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Nuclear chief: No 'smoking gun' in Iraq

Iraq handed over its declaration on weapons of mass destruction to U.N. inspectors December 7.
Iraq handed over its declaration on weapons of mass destruction to U.N. inspectors December 7.

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In a taped address to mark Army Day, Iraqi President Saddam Hussein accused U.N. weapons inspectors of spying. CNN's Rym Brahimi reports (January 6)
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BAGHDAD, Iraq (CNN) -- The U.N. agency searching for evidence of a nuclear weapons program in Iraq said Monday that so far it has not found evidence of one.

Mohamed ElBaradei, director general of the International Atomic Energy Agency, said inspectors have found no proof that Iraq lied about nuclear weapons in its declaration on weapons of mass destruction presented to the United Nations.

Iraqi officials said the declaration stated that Iraq has no prohibited weapons.

ElBaradei said the agency's laboratory tests of samples taken in Iraq so far have found nothing suspicious.

There currently is no "smoking gun," ElBaradei said, but he noted that inspections are still in their early stages.

The IAEA is searching for nuclear weapons. The U.N. Monitoring, Verification and Inspection Commission, or UNMOVIC, is searching for evidence of biological and chemical weapons and high-powered missiles.

The United States and Britain have said Iraq has weapons of mass destruction.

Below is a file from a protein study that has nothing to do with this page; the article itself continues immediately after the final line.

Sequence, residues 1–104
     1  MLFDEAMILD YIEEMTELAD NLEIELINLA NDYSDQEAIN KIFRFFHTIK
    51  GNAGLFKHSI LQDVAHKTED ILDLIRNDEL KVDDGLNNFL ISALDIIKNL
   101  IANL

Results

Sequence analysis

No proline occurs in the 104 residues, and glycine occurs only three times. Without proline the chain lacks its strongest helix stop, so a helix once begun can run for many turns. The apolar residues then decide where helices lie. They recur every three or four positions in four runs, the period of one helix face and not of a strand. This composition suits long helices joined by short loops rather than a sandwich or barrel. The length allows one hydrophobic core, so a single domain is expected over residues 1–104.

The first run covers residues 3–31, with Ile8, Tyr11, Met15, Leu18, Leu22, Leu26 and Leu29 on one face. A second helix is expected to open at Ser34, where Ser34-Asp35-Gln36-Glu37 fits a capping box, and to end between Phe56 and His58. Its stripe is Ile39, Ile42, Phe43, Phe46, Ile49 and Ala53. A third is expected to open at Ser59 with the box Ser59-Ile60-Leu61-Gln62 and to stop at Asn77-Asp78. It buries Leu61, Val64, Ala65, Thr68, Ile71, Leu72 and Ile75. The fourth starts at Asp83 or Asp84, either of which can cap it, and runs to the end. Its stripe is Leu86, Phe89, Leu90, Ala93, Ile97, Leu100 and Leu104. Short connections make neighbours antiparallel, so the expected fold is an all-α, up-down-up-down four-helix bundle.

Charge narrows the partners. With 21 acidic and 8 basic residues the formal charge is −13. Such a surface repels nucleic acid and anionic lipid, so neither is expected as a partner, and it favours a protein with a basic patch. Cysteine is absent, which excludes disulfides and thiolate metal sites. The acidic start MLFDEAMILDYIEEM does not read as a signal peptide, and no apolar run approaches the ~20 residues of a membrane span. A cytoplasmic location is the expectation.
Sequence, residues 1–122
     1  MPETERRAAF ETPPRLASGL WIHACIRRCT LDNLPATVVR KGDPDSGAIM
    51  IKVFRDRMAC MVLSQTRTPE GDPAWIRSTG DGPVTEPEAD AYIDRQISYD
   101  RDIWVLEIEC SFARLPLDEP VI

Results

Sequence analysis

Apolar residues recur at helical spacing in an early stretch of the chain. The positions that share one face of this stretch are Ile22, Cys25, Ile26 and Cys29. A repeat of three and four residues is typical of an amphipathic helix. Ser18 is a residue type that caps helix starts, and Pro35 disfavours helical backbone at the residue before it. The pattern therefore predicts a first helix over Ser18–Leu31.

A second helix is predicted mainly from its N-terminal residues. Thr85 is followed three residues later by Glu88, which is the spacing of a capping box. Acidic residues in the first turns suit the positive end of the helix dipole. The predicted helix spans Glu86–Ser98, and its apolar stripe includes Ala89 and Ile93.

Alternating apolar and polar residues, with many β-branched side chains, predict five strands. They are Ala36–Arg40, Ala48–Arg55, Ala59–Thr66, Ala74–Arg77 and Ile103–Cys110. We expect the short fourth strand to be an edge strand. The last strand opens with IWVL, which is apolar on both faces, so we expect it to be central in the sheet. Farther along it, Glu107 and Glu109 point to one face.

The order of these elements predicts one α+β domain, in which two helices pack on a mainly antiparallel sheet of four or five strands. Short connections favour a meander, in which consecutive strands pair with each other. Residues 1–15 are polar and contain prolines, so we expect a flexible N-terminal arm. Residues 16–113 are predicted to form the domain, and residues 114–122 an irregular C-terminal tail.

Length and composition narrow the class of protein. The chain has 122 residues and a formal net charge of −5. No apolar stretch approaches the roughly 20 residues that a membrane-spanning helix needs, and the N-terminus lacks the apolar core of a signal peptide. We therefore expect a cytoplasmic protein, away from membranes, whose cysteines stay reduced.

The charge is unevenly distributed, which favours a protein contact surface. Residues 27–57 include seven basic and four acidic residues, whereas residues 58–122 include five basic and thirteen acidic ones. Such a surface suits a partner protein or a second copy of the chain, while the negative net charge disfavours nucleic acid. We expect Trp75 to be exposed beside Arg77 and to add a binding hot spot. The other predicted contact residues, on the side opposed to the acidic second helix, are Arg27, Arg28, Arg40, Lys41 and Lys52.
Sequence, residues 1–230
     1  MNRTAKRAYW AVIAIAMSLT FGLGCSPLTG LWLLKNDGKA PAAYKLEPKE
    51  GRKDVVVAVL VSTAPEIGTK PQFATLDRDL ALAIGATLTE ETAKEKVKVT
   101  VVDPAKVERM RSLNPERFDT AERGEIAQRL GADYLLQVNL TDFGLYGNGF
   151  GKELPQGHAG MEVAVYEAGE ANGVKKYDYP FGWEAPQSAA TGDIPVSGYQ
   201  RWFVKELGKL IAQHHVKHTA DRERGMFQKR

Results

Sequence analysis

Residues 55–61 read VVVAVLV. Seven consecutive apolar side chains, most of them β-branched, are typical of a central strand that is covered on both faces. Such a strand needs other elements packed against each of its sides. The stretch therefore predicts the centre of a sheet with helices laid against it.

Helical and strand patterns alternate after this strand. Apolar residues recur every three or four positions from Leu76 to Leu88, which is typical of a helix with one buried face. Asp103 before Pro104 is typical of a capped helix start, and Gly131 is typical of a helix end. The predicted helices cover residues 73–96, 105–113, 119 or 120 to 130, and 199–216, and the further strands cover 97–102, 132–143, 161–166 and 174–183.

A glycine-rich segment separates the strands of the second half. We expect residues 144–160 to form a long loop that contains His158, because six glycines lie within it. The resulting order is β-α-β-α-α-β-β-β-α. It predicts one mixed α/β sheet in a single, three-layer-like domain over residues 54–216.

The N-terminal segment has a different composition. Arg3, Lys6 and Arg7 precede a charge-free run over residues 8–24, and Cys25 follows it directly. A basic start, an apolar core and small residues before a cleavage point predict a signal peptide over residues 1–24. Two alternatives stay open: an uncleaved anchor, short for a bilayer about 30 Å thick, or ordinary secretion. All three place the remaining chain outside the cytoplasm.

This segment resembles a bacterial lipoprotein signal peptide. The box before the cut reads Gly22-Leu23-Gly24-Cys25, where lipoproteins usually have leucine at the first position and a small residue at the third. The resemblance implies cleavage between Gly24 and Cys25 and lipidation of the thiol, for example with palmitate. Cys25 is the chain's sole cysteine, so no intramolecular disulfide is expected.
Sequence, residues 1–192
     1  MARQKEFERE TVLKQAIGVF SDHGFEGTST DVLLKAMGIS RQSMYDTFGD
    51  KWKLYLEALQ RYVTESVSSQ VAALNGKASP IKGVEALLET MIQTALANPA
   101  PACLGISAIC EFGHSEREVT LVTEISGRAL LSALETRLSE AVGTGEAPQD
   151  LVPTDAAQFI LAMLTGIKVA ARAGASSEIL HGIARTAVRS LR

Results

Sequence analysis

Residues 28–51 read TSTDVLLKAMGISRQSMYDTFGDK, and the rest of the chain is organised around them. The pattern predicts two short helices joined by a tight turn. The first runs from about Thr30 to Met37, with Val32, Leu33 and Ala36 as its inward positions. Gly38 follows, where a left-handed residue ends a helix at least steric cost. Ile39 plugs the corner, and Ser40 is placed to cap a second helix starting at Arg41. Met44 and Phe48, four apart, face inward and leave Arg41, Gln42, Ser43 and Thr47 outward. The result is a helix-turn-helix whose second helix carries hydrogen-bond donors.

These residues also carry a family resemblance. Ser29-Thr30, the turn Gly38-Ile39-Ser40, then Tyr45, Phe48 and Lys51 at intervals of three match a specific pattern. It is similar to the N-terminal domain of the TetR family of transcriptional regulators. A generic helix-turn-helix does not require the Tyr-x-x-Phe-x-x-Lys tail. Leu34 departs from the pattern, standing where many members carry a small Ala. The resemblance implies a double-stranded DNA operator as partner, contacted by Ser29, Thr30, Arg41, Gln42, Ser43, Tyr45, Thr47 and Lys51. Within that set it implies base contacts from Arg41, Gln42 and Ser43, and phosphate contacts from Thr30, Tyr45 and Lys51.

If U.N. inspectors find evidence of such weapons, the U.N. Security Council may meet to discuss the possibility of launching military action against Iraq.

ElBaradei's comments came after Iraqi leader Saddam Hussein accused U.N. weapons inspectors of spying for the United States in preparation for an attack on Iraq. (Full story)

In a nationally televised speech delivered Monday, Iraq's annual Army Day, Saddam said, "Instead of looking for the so-called weapons of mass destruction in order to expose the distortions and lies propagated by those who endeavor, in vain, to deceive public opinion, the inspection teams are interested in collecting names and making lists of Iraqi scientists ... giving special attention to military camps ... and to other matters, all or most of which constitutes purely intelligence work.

"We are fully prepared for everything and for any eventuality. Our success is in the hands of Allah and Allah shall repel the schemes of the infidels," he said.

Saddam repeated his claim that the United States is leading the U.N. effort to search Iraq for evidence of prohibited weapons as part of a plan to dominate the region and control its resources.

Former weapons inspector Scott Ritter has said some inspectors served as spies during previous inspections, which were cut off in 1998. The United Nations has denied its inspectors engage in espionage.

White House press secretary Ari Fleischer said Saddam's statements were "an attempt to divert attention from the fact that Iraq has still not shown signs that it will disarm itself of weapons of mass destruction."

When asked about comments by British Foreign Secretary Jack Straw that war with Iraq now appears somewhat less likely, Fleischer said President Bush "remains very hopeful" that war can be averted -- but it's up to Saddam.

"Hopefully, Saddam Hussein will get the message that the world community, through the United Nations, has called on [him] to disarm. And as the president said, he will either disarm or the United States will lead a coalition to disarm him," Fleischer said.

Inspectors in Iraq went to six sites Monday, including a facility that produces veterinary drugs, a pesticide plant, and an Iraqi army post, where an inspection team began tagging Iraq's Al Fatah rockets.

All of the Iraqi army's Al Fatah missiles, which are ground-to-ground solid propellant rockets, will be tagged this week, a spokesman said.

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